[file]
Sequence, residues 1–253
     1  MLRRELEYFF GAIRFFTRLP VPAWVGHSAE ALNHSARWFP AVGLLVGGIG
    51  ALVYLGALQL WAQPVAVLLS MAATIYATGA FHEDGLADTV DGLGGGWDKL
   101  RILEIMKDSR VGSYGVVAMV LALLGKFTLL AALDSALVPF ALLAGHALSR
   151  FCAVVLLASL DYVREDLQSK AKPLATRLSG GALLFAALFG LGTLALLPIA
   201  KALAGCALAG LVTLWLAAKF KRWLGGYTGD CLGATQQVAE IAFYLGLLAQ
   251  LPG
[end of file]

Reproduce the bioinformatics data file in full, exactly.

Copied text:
Sequence, residues 1–253
     1  MLRRELEYFF GAIRFFTRLP VPAWVGHSAE ALNHSARWFP AVGLLVGGIG
    51  ALVYLGALQL WAQPVAVLLS MAATIYATGA FHEDGLADTV DGLGGGWDKL
   101  RILEIMKDSR VGSYGVVAMV LALLGKFTLL AALDSALVPF ALLAGHALSR
   151  FCAVVLLASL DYVREDLQSK AKPLATRLSG GALLFAALFG LGTLALLPIA
   201  KALAGCALAG LVTLWLAAKF KRWLGGYTGD CLGATQQVAE IAFYLGLLAQ
   251  LPG